0 Comments Published by Ray Podder on Thursday, September 28, 2006 at 5:10 PM.
Oftentimes as an objective observer, I notice things that just don’t add up. I was reading an article lately where a parent was concerned about their child being too short for his age and asked the columnist if HGH (human grow hormone) treatments might help bioengineer his child’s normalcy?
For him to come to the conclusion that height is the problem and thus seek a solution to remedy that, seems to parallel a lot of other problems we try to solve in the world. In the respective legacies of Prince, Napoleon, Socrates and numerous other “short” giants, it may be obvious that this parent’s POV is a little distorted, but what if the child was your business, and “too short” was your current strategic diagnosis?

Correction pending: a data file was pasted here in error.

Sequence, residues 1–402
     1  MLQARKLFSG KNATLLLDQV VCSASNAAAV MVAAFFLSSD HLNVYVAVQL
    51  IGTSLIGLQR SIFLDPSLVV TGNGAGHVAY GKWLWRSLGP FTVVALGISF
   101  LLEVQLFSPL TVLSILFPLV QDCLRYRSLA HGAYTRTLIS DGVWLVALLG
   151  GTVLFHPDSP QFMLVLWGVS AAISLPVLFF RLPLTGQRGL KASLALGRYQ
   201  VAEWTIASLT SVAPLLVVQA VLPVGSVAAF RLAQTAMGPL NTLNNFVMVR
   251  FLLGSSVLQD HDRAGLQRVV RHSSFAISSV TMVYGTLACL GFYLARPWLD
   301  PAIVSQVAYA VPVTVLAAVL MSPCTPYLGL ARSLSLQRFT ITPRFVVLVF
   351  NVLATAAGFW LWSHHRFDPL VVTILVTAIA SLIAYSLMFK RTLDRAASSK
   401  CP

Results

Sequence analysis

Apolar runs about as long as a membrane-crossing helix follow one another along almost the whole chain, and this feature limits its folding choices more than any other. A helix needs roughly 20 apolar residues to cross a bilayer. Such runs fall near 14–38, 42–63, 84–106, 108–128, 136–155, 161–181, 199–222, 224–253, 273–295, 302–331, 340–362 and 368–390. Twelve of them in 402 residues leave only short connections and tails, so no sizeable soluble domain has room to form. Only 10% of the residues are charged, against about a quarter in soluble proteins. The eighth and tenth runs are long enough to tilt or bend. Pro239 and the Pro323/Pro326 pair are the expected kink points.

Take network TV for instance. It’s interesting to see otherwise working TV shows that glam up with beautiful cast members because another show with the same is a few ratings ahead. Even though the viewers can spot the “jump the shark” attempts before inevitable show cancellation time and again. The same is true of the acquisition frenzy around social networking spaces like the recent MySpace buy, even though having users in a network is no indicator of either loyalty or a real revenue model.
So why do we chase the wrong problems to solve time and again? Sometimes the strategically savvy know better but play the short term game long enough to take the money and run, but usually we just don’t want to see it. Much like the father in the example I started this post with, we are overly preoccupied with the present context rather than see the cause and effect from an broader, more objective viewpoint. I guess that’s probably why guys like me keep working...maybe the obvious just isn’t.